Solar Farms

News & views from ESUK

By Paul Hopton – Principal Consultant    Website:

Tel: 0800 652 1124

Electrical Safety Management

Electrical Safety UK have helped many companies in different industries in a number of locations around the World to improve their electrical safety management systems. In this article we are going to focus on Solar Farms and discuss whether there any hazards that may be specific to that industry.

We recently carried out an electrical safety audit in the United Arab Emirates at one of the largest solar farms in the world. The brief was to carry out an audit of their current operations and safety management system to identify if any improvements could be made. We started by interviewing Electrical Managers, Supervisors and Tradesmen to ascertain where they had good practice and where improvements could be made. The scope of these interviews covered but was not limited to:

  • Electrical Safety Policy
  • Electrical Safety Rules
  • Tools, Test Equipment and Test Leads
  • Competency and Authorisation
  • Asset Integrity and Maintenance
  • Portable Electrical Apparatus
  • Arc Flash Risk Management
  • Electric Shock Risk Management
  • Lightning Protection
  • Toxic Gases
  • Isolation Practices
  • Electrical Accident Investigation and Root Cause Analysis
  • Software and Device Parameter Backups
  • Reliability and Bad Actors
  • Safe Systems of Work including Switching Programs and Earthing Diagrams

We also carried out site surveys and asked personnel who were working on site about electrical safety and the management of electrical risks.


We identified several areas where there were opportunities to improve. These were presented to the site management team in a feedback presentation and more formally in a report. The findings showed significant opportunities in Arc Flash Risk Management, Isolations and Electrical Shock Risk Management.

Hazards specific to Solar Farms

The main issue specific to Solar Farms that we identified was with the Solar Panels themselves as they generate electricity. The good news is that Solar Farms are modular and so it is easier to produce isolation and safe working procedures, than for more typical industrial or commercial electrical distribution systems.

“Test before touch” or “Test for dead” processes are very important, and you should ensure that the correct type of test equipment is used. Voltage indicators should be tested immediately before and after use with a proprietary proving unit.

There are also a lot of power inverters and other enclosures out in the field that should be shrouded to IP2X to minimise electric shock risk during fault finding activities. As the Solar Farm gets older, it is important to make sure that the IP2X protection is maintained by auditing and inspection especially during and after maintenance activities.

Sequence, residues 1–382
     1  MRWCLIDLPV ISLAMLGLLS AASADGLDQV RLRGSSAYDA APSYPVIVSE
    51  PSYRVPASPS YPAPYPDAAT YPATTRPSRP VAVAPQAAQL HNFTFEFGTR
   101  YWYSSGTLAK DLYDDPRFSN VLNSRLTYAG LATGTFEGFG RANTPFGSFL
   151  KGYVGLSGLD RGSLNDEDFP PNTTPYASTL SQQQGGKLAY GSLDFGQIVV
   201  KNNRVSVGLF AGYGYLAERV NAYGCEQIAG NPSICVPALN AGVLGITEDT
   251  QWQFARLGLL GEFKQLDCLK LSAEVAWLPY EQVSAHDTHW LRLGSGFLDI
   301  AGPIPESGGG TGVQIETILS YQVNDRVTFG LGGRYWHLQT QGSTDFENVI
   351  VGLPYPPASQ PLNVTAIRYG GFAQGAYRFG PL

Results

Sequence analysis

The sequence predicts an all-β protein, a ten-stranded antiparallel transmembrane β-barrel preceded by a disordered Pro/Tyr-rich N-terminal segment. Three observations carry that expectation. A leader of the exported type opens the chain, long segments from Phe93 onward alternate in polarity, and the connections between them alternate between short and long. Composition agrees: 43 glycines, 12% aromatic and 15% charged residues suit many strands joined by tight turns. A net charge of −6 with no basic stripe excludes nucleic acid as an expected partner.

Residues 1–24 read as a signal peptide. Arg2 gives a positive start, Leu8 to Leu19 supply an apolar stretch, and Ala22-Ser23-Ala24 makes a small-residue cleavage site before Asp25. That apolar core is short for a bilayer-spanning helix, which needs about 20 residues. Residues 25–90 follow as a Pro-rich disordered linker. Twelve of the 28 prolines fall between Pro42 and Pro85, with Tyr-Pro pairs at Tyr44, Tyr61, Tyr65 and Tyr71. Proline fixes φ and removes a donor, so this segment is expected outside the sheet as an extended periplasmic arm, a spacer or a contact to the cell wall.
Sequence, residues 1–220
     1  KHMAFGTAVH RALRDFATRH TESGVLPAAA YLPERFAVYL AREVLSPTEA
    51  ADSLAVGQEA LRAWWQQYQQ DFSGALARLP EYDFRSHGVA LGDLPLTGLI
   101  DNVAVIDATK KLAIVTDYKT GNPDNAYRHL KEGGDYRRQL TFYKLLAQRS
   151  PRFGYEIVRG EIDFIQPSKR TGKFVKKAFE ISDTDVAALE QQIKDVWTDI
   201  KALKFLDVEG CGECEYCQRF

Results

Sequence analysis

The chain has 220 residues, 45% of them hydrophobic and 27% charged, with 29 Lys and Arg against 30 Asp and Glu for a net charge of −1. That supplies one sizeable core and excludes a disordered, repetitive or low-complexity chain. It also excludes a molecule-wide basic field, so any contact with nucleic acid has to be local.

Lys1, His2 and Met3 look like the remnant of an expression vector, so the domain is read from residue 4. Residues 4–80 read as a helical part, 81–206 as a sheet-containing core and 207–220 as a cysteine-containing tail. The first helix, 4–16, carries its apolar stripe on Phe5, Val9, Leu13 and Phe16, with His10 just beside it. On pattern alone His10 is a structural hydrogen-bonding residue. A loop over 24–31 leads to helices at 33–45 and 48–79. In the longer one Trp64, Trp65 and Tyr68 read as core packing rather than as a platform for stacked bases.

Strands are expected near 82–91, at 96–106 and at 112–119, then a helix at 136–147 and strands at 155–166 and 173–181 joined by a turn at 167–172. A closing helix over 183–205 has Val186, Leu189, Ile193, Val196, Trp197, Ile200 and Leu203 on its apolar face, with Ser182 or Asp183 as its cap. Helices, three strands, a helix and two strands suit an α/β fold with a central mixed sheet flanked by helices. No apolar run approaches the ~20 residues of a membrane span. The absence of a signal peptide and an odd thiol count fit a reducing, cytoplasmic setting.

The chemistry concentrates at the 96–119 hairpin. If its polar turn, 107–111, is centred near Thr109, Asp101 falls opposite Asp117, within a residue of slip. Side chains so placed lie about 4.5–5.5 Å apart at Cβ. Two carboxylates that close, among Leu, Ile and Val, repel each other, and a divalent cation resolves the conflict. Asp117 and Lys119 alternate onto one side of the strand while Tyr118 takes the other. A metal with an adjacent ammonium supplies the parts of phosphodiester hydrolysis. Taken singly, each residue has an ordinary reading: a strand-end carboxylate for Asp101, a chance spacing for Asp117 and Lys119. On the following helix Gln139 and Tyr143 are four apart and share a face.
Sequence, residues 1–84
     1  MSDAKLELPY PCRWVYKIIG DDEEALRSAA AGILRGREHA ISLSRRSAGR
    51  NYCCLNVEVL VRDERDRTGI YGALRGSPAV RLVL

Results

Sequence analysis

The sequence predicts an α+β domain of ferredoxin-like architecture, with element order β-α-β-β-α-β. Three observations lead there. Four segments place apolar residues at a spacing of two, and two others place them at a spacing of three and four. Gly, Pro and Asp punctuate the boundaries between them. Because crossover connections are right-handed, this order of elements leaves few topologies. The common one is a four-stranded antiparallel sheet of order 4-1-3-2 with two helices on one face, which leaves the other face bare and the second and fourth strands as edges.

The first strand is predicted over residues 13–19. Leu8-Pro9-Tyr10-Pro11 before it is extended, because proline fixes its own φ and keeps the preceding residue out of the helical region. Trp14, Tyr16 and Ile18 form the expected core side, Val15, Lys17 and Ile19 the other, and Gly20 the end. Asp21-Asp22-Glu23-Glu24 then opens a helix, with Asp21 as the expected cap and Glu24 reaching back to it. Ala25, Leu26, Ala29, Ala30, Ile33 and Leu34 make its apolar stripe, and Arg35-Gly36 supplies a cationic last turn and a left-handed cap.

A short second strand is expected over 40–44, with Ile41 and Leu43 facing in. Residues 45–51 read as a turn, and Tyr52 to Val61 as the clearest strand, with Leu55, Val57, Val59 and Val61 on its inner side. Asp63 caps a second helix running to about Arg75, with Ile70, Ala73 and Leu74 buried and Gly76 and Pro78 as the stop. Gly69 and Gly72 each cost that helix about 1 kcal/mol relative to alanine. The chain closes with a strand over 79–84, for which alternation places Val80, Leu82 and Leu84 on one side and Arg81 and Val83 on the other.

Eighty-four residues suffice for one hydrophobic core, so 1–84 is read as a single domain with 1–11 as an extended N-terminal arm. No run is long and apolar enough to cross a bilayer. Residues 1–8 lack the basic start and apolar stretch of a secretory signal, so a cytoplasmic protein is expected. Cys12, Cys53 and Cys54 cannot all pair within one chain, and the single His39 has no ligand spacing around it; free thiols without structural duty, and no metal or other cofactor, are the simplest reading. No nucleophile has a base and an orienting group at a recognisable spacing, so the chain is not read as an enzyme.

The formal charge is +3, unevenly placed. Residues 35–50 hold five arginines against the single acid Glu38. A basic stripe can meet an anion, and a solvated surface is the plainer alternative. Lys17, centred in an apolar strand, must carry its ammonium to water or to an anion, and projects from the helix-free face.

I think it is fair to say that Solar Farms are a relatively new phenomenon and can be operated by organisations that do not have a long history of electrical safety management experience. This lack of experience can lead to gaps in their Electrical Safety Management Systems. Unfortunately, failures of an Electrical Safety Management System can result in serious injury or fatality. Fortunately, these events are rare but because of the complacency that can result from their scarcity, when the holes in the Swiss cheese line up, the worst can happen. Far better to have someone independent to the Organisation to audit your Electrical Safety Management System to prevent the accident before it happens.

Solar Farms can sometimes be operated and maintained by the Company that designed and installed them rather than the owner. Dependent upon the Company supplying the Solar Farm, they may or may not have a great deal of operational and electrical safety management experience. If they do lack experience, they might be more likely to have an electrical accident. The Company owning the asset (Electrical Duty Holder) might not take kindly to the exposure to public/regulatory scrutiny that this would bring.

Arc Flash Studies

Calculating the arc flash hazard for each of piece of equipment on a Solar Farm should cost significantly less that carrying out an arc flash study on a typical industrial or commercial electrical distribution system. The reason for this is that Solar Farms tend to be very modular in their construction, which means detailed modelling of one of the modules can be quickly and cheaply replicated many times for the rest of the network. This obviously reduces the overall cost of the arc flash study for a Solar Farm versus other types of electrical networks.

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